REVIEWS OF BIG PLANS FOR EVERYBODY (1986)
May 22, 1986
By Anthony DeCurtis
Big Plans For Everybody is essentially a solo outing; Mitch Easter's ever-shifting combo seems to have gone off
to activate elsewhere. It's also the best
work Easter has done—more personal, straightforward and rocking than any of his previous efforts.
On Afoot, Let's Active's pop-crazy debut EP, all the hooks caught, but Easter's urge to engage our attention was nearly obsessive. The songs at times seemed to exist primarily as vehicles for ear-grabbing production tricks. Then on the denser, more ambitious followup LP, Cypress, texture overwhelmed the tunes. The album was aurally fascinating, but Easter seemed to be brooding, unable to articulate what was on his mind. Trying to penetrate the obscure lyrics of songs like "Waters Part" or "Crows on a Phone Line" was an aspect of Cypress's uneasy pleasure, but frustration often set in before revelation.
On Big Plans For Everybody, however,
Easter checks his much-vaunted quirkiness and shoots from the heart. Not that the record's impact is in any way blunt. Far from it—the directness of Easter's approach gives him access to a much greater subtlety and emotional insight.
The preludes and postscripts of coming apart are the focus of this album. ''We cannot let it go in little ways," Easter sings on the opening track, aware that deep rifts begin with small things. The way in which masculine desire blends imperceptibly with control gets captured neatly in "Fell," in which the heartfelt assertion "I am the one for you" is followed by the unthinking condescension of "I know you better than you do"; in this appeal for reconciliation, the tone of the singer's voice reveals a likely reason for the breakup.
Easter's newfound directness benefits his playing and singing as well as his songwriting. His guitar is up front throughout Big Plans, and "In Little Ways," "Last Chance Town," "Won't Go Wrong" and the murky "Still Dark Out" showcase the immense skill and versatility of his playing. While his singing can only be judged fairly within the aesthetic of the Alex Chilton school of Southern earnestness and irony, Easter's vocals find new conviction and vulnerability in this albums songs. Despite the departure of his band, Big Plans proves that Mitch Easter is not merely active but at the height of his power.
April 28, 1986
By Kevin Berger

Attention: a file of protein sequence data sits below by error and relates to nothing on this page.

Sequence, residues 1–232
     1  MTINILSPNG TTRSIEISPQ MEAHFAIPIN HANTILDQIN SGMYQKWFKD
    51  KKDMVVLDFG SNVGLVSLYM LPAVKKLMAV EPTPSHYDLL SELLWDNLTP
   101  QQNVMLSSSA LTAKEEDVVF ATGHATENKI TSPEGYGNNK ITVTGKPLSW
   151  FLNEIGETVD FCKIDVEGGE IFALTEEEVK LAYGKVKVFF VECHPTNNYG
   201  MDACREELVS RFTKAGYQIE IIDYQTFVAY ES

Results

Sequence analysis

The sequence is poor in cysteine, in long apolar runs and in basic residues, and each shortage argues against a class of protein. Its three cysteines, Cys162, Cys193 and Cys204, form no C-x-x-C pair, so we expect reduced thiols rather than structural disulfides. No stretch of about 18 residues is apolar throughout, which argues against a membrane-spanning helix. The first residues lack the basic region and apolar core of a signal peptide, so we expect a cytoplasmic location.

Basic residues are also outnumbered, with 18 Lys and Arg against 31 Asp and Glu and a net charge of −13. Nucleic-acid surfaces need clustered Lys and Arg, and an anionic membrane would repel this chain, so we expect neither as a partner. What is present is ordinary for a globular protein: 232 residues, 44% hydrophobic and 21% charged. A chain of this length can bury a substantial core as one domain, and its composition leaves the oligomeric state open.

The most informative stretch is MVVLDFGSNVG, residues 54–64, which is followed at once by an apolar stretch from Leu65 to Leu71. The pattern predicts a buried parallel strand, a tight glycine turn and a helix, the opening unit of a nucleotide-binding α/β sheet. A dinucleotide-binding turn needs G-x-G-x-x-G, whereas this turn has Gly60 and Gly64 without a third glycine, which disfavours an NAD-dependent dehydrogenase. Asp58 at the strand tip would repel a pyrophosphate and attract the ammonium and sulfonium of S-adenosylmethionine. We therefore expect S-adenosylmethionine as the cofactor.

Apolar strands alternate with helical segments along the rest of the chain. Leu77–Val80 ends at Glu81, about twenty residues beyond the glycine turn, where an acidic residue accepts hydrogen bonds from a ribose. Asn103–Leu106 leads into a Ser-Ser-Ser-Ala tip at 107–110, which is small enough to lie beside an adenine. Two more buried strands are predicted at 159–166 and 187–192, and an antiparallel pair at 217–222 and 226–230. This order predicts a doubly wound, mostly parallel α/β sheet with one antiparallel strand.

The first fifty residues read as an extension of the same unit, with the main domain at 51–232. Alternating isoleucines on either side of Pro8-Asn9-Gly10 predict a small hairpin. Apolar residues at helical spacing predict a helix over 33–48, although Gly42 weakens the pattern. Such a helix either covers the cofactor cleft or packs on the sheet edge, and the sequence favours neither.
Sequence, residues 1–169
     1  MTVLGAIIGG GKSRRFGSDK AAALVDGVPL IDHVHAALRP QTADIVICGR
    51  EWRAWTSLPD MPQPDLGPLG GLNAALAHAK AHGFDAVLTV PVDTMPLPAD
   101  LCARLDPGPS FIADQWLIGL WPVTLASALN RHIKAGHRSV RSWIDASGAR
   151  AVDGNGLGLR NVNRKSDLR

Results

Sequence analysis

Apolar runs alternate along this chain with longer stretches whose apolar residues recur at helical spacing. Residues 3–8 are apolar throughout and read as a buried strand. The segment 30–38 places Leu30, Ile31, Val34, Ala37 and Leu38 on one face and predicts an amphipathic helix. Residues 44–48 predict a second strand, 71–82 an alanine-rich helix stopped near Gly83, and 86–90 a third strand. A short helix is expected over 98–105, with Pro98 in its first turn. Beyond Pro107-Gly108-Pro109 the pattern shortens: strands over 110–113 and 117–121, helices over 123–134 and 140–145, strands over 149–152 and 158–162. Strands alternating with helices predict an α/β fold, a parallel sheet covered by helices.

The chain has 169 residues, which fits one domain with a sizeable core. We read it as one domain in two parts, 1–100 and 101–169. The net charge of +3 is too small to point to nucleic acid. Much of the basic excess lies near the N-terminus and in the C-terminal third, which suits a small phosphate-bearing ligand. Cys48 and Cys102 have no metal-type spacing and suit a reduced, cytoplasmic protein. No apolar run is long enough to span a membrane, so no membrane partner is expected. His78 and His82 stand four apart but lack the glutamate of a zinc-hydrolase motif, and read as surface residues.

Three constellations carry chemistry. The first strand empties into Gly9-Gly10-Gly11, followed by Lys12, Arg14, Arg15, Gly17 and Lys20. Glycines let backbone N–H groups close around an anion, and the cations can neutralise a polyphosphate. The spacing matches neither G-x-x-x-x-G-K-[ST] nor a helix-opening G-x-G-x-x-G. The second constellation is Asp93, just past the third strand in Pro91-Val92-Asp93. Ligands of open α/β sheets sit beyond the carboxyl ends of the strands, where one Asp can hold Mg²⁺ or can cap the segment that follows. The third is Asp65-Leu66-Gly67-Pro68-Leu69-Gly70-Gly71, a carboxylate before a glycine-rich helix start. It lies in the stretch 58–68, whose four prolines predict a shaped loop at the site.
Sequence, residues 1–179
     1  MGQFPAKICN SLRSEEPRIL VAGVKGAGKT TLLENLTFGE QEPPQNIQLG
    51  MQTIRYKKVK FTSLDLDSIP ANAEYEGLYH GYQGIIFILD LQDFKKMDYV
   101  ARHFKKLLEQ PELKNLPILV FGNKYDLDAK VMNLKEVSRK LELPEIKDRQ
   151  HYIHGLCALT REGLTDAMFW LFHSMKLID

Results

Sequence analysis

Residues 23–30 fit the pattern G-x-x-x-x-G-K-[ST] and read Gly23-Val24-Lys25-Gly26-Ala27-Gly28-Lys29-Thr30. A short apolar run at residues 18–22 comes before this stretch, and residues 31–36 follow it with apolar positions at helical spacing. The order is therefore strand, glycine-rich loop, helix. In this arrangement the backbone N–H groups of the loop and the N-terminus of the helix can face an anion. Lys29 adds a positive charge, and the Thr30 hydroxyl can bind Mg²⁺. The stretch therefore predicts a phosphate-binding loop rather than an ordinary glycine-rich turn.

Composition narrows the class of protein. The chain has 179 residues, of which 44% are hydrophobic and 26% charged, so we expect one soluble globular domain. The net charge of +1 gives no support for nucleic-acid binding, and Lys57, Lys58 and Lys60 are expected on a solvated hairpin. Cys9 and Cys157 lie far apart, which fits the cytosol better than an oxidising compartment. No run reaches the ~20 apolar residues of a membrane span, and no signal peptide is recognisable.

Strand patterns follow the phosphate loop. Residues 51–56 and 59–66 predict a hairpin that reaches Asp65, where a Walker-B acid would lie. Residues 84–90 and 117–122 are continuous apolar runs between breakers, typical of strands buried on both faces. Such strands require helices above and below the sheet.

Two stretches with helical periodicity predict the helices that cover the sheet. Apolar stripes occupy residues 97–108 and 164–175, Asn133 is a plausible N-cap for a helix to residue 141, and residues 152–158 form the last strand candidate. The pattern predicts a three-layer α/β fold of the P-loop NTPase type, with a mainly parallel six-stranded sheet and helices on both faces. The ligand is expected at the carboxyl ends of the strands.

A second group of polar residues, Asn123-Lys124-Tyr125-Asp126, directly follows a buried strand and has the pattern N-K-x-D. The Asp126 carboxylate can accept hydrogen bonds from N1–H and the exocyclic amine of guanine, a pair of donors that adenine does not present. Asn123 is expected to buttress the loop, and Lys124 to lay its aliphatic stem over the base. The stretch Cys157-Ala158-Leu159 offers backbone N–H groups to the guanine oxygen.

The North Carolina Guitar Pops Orchestra, composed, conducted, and played by Mitch Easter. With his third LP, Easter has advanced Buddy Holly's art of multitracking guitars and voices in a pop vein to a state of apothesis. A rare trebly piano sets the pace in "In Little Ways," quickly followed by a swaying Albert Lee-like two-note guitar solo, fleshed out by waves of minor Stratocaster chords and
Easter's timeless teenage caroling. The sound is
incantatory, not lulling. Think Beatles, Lovin' Spoonful, 1910 Fruitgum Company. Only "Reflecting Pool" is awash in the McGuinn guitars and rolling rhythms with which Easter, as producer of R.E.M., has often been identified. Easter's real signature is stamped in the bouncing rhythms powered by dense
guitars in "Talking To Myself," featuring a galloping acoustic guitar solo, "Fell," and "Whispered News," delivering the strongest syncopated drum track that would make the song danceable were Easter to restrain himself from channeling the uptempo verses and chorus into a "Strawberry Fields Forever" bridge. And speaking of sitars and reversed guitar tape loops, hear "Writing the Book of Last Pages," a meandering tempo drenched in elastic vocal harmonies—an homage to Revolver. Another homage? How about every kid dying to play a Flying-V guitar like Ace Frehley of Kiss. Easter shows how with a comically gruff solo in "Last Chance Town." Actually, the LP is a Rosetta Stone of pop. As for music appreciation pure and simple, well, there is nary a memorable lyric, nor does Easter's voice cut much deeper than Tommy James's. And really, all of
Easter's extraordinary guitar arrangements make him
little more than the Todd Rundgren of the eighties.
However, lovers of formalist pop (like me) can find
nothing but true bliss here.
April 25, 1986
By Mark Iskowitz
Good news—Mitch Easter sings and plays with renewed gusto and conviction on his third record. The hook filled material is well crafted, exuding a peculiar toughness and almost always spotlighting Easter's guitar prowess. Especially hard edged is "Talking To Myself," clearly a standout for its imposing brashness and thundering Keith Moon-ish drumming. "Whispering News" employs similar rhythmic energy but adds an airy synth backdrop and numerous overdubbed guitars. Easter's lyrics engage in palpable romantic wordplay, with occasional jaunts into the obscure, as in "Writing the Book of Last Pages." You mustn't miss this Beatlesque mystery trip, driven by jangly guitars, sitar, and soaring harmonies. Give spins to "Fell" and "Badger," two vivid guitar songs, before declaring this album's genuine brilliance. They will most certainly make Easter's Big Plans loom even larger.
back to timeline